TORONTO, May 2, 2012 /CNW/ - As midwifery expands to meet demand, midwives are urging government to seize opportunities to strengthen midwifery care in Ontario. During a lobby day at Queen's Park today, midwives met with MPPs to discuss strategies for giving Ontarians even greater access to midwifery care.
"Midwifery is now the fastest-growing profession providing obstetrical care in Ontario, but hospital integration challenges, infrastructure deficits and the wage parity gap between midwives and comparable professions jeopardizes the ability of Ontario to retain every midwife trained in the province," says Katrina Kilroy, President of the Association of Ontario Midwives (AOM). "On the heels of the largest ever graduating class of midwives this month, we are eager to work with the government to develop and implement innovative strategies that will guarantee that all women who want midwifery care can access it."
During their discussions with MPPs, midwives also encouraged the Ministry of Health and Long-Term Care to resume contract negations with the AOM. Midwives have been working with an expired contract since March 31, 2011, and no negotiation talks have taken place between the two parties since May 2011. "Midwives are waiting to get back to the table," says Kilroy. "A long history of inconsistent negotiations between the profession and the government has already had a negative impact on an all-female profession. Midwives are primary care providers who make invaluable contributions to the health of Ontarians, but according to an independent third-party report, our compensation has fallen behind, creating an equity gap between midwives and comparable professions."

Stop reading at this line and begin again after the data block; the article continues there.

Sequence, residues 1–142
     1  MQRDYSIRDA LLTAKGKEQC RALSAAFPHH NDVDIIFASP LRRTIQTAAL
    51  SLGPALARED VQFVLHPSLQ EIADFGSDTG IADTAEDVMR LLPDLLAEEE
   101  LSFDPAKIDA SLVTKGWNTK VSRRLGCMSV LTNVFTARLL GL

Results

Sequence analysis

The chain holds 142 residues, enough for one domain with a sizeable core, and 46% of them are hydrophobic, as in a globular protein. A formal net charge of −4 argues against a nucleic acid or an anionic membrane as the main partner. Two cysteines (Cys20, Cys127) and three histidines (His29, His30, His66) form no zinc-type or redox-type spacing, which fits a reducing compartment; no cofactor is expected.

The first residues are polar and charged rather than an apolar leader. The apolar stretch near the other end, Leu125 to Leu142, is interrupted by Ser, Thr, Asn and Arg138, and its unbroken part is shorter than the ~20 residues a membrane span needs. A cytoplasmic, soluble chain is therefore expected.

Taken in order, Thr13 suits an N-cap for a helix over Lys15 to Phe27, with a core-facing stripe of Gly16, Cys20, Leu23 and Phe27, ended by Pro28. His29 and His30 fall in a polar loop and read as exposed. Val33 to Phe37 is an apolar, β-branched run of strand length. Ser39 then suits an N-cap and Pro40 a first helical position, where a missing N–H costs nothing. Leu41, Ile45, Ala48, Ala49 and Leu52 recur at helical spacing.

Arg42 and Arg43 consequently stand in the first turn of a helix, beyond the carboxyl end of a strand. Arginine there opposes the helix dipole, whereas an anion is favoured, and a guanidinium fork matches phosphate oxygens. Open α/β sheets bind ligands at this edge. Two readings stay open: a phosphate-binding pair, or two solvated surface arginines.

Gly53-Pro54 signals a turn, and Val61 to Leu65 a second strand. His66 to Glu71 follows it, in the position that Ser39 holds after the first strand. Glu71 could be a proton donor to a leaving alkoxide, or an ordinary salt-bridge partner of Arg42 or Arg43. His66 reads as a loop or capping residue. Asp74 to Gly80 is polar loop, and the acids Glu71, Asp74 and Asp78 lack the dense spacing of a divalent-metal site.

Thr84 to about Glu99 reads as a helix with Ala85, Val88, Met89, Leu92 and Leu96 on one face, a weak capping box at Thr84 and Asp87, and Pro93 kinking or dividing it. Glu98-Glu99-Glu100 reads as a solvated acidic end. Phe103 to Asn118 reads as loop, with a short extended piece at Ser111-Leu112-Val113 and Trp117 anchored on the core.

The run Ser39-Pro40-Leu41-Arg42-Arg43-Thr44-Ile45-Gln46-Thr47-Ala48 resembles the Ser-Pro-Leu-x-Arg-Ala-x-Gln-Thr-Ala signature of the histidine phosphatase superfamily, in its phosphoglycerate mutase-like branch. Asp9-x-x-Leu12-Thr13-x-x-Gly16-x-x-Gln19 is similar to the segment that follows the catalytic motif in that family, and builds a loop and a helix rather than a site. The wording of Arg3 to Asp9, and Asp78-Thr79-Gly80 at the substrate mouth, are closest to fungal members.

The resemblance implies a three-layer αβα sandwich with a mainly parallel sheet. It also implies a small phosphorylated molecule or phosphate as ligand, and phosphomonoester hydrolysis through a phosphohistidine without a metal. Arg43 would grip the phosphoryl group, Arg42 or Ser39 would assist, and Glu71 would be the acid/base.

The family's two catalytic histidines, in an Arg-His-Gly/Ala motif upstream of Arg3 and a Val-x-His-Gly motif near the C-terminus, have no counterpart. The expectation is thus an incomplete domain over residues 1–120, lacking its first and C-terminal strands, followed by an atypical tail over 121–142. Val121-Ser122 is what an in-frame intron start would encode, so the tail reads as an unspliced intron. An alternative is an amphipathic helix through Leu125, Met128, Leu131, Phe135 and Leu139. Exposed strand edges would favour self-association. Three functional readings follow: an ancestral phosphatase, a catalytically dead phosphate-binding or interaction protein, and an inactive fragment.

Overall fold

About Midwifery in Ontario
There are more than 550 registered midwives in Ontario, serving communities in 85 clinics across the province. Midwives have privileges at most Ontario hospitals. Since midwifery became a regulated health profession in 1994, more than 130,000 babies have been born under midwifery care, including 30,000 births at home.
A midwife is a registered health care professional who provides primary care to women with low-risk pregnancies. Midwives provide care throughout pregnancy, labour and birth and provide care to both mother and baby during the first six weeks following the birth.
The Association of Ontario Midwives is the professional organization representing midwives and the profession of midwifery in Ontario.
For more information about AOM, visit our website at www.aom.on.ca You can also follow us on Facebook and Twitter.
Image with caption: "Minister of Health and Long-Term Care Deb Matthews holds baby Holden McGoey while talking with midwife Lisa Weston, incoming president of the Association of Ontario Midwives, at a celebration of the International Day of the Midwife at Queen's Park. Midwives and parents met with MPPs to discuss opportunities regarding the growth of midwifery in the province. (CNW Group/Association of Ontario Midwives)". Image available at: http://photos.newswire.ca/images/download/20120502_C3475_PHOTO_EN_13026.jpg
For further information:
or to set up interviews with midwives or parents, please contact:
Joanna Zuk, Communications Manager
Office: 416-425-9974 ext. 2261